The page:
Looking back on the legal case against Sharon, I see one important element of the story that has not been sufficiently addressed, if at all. And that is, the complete apathy the great majority of Israelis have shown to the case against Sharon as it developed over the past few months. While the papers had a field day with the accusations, it stirred no passions whatsoever in the general population. I never heard anyone talking about it; there were no demonstrations on the street. And it wasn’t that most Israelis thought Sharon was innocent; they simply did not care whether the man leading them was a criminal or not.
To some extent, of course, that was a result of the complex and technical nature of the accusations against him. No one really understood exactly what he was accused of and so it was hard to feel strongly.
It was also, however, a reflection of just how accepted political corruption has become in Israel, to the extent where it is sometimes even celebrated (eg. Deri). As one friend said to me, “all politicians are corrupt, it’s just a question of how much.” Unfortunately, financial ‘irregularities’ come right at the bottom of that scale – particularly with sums that are not deemed to be huge, although I would warrant they were very large indeed to a military man like Sharon.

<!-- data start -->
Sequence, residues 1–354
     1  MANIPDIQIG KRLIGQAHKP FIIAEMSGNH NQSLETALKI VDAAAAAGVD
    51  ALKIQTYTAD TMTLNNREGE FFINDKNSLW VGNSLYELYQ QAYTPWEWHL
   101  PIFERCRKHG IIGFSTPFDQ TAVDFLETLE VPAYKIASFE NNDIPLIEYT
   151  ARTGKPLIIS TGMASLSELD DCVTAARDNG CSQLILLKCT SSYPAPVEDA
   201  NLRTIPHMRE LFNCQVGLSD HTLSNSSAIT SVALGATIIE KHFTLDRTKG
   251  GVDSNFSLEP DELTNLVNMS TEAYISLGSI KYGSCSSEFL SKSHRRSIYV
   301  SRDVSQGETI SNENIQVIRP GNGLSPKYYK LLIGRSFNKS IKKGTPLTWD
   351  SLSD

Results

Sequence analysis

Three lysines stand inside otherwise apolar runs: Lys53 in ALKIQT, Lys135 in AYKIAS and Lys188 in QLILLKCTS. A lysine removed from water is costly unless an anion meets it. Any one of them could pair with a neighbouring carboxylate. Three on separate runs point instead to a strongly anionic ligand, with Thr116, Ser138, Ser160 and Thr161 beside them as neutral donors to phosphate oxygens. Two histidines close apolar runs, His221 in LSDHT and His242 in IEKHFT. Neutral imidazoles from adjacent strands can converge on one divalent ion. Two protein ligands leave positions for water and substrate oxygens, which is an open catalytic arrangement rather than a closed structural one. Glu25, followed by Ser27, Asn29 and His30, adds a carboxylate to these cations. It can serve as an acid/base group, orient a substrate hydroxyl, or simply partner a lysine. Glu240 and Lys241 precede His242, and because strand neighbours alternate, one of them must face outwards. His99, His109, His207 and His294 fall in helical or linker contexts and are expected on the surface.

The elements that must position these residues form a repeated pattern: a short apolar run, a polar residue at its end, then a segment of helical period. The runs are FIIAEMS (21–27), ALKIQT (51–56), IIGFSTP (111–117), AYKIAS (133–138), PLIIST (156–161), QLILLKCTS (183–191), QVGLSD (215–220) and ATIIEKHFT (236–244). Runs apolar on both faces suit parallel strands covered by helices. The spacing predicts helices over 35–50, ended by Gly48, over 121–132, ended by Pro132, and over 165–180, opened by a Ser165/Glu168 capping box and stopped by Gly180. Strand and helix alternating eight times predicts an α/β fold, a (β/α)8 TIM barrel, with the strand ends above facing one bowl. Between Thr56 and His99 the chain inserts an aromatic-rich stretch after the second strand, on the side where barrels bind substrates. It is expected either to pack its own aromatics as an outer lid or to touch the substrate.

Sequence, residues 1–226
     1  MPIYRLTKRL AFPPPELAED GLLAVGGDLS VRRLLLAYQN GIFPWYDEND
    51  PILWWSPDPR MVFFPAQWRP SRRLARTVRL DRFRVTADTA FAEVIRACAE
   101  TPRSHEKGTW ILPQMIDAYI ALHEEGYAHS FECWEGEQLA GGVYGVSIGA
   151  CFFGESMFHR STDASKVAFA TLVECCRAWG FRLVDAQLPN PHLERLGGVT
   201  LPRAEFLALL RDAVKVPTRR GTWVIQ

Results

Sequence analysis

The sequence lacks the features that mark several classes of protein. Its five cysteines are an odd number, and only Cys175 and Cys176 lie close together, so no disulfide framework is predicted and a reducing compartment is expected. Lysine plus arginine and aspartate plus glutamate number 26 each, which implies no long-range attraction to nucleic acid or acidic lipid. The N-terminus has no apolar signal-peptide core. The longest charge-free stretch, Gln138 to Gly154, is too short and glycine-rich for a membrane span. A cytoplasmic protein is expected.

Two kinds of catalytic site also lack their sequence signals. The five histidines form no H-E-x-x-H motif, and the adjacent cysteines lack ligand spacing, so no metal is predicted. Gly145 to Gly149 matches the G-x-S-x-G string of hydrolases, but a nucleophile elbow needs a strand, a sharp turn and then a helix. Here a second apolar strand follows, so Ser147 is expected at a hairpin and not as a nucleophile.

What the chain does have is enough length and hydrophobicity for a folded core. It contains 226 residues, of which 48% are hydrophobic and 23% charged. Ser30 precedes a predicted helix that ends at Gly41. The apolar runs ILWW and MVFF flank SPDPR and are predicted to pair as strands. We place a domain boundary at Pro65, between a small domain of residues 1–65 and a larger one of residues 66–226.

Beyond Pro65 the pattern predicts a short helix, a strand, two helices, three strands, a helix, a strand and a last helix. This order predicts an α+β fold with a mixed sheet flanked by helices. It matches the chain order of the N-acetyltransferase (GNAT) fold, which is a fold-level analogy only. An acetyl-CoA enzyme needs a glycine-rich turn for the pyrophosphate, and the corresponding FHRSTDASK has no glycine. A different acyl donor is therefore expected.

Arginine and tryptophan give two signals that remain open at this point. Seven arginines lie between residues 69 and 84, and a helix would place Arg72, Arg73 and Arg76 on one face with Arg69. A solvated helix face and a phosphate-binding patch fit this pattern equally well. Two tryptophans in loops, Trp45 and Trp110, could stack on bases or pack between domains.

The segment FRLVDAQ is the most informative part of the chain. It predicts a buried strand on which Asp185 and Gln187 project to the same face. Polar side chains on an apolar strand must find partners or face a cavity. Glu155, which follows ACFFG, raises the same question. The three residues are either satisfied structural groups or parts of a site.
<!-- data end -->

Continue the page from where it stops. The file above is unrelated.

Another factor was Sharon’s personal popularity as ‘wartime’ leader, and the fact there’s no obvious replacement in sight. Many Israelis, I think, asked themselves whether it was really worth risking his leadership, and perhaps suffering strategically in the struggle against the Palestinians, over, again, what was perceived as a few ‘minor financial irregularities.' They concluded it wasn’t.
The truth is, of course, that not all politicians are corrupt, and that it makes no difference whether we’re talking about $250,000 or $25m. The crimes Sharon was accused of involved abuse of his governmental position, and thus, betrayal of the people.
Our leaders, like Caesar’s wife, must be above suspicion. If anything, this is more important that ever in times of ‘war,’ when you need to be sure your leaders are basing their decisions on relevant considerations only, and cannot be swayed through their pocketbooks. To be willing to overlook or tolerate corruption, for whatever reason, is to sacrifice the high standards of morality on which Israel was founded and on which it prides itself. If Israelis have lost sight of this, there is something rotten in the state of Israel.